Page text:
As the start-up capital of India, Bangalore appears to have hit the bull’s eye in the area of innovation and entrepreneurship. For those, who are looking for some guidance on where and how to start, Stanford Graduate School of Business is bringing its Stanford Ignite programme on innovation and entrepreneurship targeted at working professionals as well as post-graduate students in all disciplines in August this year.
The nine-week intensive part-time programme has been modelled after the Stanford Ignite programme offered at Stanford’s Silicon Valley Campus, and will be delivered by 12 Stanford faculty.
Of these, 12 tenure-track faculty members, four will travel to India and deliver the programme in Bangalore, while eight will be available for learning and discussion via videoconferencing.
Speaking about what brings Stanford to Bangalore, Blair Shane, Associate Dean and Chief Marketing officer, Stanford Graduate School of Business, said, “The growing Indian economy, a critical mass of technical managers, who are perfect for this programme, and the culture of Bangalore, which is very much similar to that of Silicon Valley, makes the city a great place to offer this programme,” she said.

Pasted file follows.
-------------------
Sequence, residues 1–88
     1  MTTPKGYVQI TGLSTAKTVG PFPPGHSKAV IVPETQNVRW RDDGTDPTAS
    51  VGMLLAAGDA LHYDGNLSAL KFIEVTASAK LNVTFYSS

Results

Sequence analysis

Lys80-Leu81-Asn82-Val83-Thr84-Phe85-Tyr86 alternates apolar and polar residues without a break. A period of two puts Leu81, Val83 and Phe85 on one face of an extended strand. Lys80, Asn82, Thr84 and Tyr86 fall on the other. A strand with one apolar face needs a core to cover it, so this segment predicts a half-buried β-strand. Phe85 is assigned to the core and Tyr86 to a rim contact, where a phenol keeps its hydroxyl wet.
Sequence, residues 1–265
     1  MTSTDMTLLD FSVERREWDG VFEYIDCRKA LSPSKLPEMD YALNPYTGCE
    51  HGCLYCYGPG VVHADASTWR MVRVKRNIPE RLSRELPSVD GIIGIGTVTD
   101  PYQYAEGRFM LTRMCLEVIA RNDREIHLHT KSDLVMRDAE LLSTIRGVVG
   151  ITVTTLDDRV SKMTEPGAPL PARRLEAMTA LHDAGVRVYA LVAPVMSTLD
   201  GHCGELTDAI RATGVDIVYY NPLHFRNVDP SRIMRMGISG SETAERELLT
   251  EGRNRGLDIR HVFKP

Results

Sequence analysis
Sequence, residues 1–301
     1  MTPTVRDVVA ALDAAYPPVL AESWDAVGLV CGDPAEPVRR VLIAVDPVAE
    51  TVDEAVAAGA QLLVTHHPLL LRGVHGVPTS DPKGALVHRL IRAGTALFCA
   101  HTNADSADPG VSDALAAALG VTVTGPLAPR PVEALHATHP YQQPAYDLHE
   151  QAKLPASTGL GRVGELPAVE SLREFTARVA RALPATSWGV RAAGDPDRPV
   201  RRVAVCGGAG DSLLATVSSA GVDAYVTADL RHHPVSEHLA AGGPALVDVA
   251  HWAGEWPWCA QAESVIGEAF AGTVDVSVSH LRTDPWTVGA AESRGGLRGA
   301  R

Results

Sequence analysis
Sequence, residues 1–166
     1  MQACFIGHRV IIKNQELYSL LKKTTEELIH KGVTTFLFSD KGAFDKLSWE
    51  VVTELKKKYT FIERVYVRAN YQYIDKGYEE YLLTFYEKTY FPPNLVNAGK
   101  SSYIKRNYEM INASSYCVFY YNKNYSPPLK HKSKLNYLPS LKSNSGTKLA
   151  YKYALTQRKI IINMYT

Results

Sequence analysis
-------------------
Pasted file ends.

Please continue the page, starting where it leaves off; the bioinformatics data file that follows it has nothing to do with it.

The organising team of the programme finds that there is tremendous entrepreneurial activity in Bangalore and hopes to bring the Silicon Valley approach to entrepreneurship through its programme, she said.
The certificate course has two components — lectures and a team project to develop a service or product.
“As this is a part-time programme, we hope the participants can simultaneously start applying what they learn or begin work on their start-up,” said Bethany Coates, director of dean’s office, Global Innovation Programs, Stanford Graduate School of Business.
Confirming that the Ignite programme would be offered every year from this year, Ms. Shane said that Stanford Graduate School of Business does not plan to set up an off-shore campus in Indian anytime now. “This nine-week programme is the best way we can bring our expertise here,” she said.
The intake for the programme is now set at 30 to 50 seats and the team hopes to take this programme to other cities in India, including Mumbai and New Delhi.
In an attempt to keep the course content connected to the local scenario, the programme will involve mentors, guest lecturers and expert panellists who will bring in the local perspective. The programme will be held on the Infosys campus in Bangalore and the fee is U.S. $ 8,350.
The last date to apply is May 27.
For more details, visit: www.gsb.stanford.edu/ignite /bangalore.